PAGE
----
In July 2016 new rules about goods delivery to Czech purchasers took effect. Similar reverse charge principle is being applied already in the European Union for services. You may be familiar with the principle already but the rules for goods are fairly specific and can be tricky.
If a company is registered in the EU for VAT and is selling goods to a Czech VAT payer, a Czech VAT registration is not required as the reverse charge principle is being applied. The EU VAT payer will invoice the Czech VAT payer without VAT for the goods delivered. The Czech VAT payer will declare the VAT in their return.
If a company (trader) which is not VAT registered in Czech, buys goods in the Czech Republic and afterward the goods are being sold and delivered in the Czech Republic to a VAT payer, VAT registration of the trader is not needed as the Czech buyer must admit VAT in their VAT return.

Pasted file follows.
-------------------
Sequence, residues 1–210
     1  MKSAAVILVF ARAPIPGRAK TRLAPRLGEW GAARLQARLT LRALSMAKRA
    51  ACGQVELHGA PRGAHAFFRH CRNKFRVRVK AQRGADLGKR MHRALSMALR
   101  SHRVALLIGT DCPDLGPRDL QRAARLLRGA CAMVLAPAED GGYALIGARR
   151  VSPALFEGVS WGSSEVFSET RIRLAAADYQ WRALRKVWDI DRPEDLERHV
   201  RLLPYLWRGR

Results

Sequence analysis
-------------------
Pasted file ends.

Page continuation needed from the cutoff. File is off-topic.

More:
What to be careful about?
If goods are sold to a Czech not registered for VAT
Incoterms – the business conditions relating to the relevant place for the goods to be delivered
Moving of business property to or from the Czech Republic
The creation of a triangular goods delivery model could be considered as an opportunity to avoid Czech VAT registration when delivering goods to a Czech VAT payer.
Reverse charge rules for goods delivery open up more opportunities about how to shape specific business cooperation without the need for the seller to be VAT registered. On the other hand, it is crucial to be careful about situations which could occur relating to goods delivery to the Czech Republic as VAT registration is still required in many cases.
Do you have questions to this topic, please, let us know.
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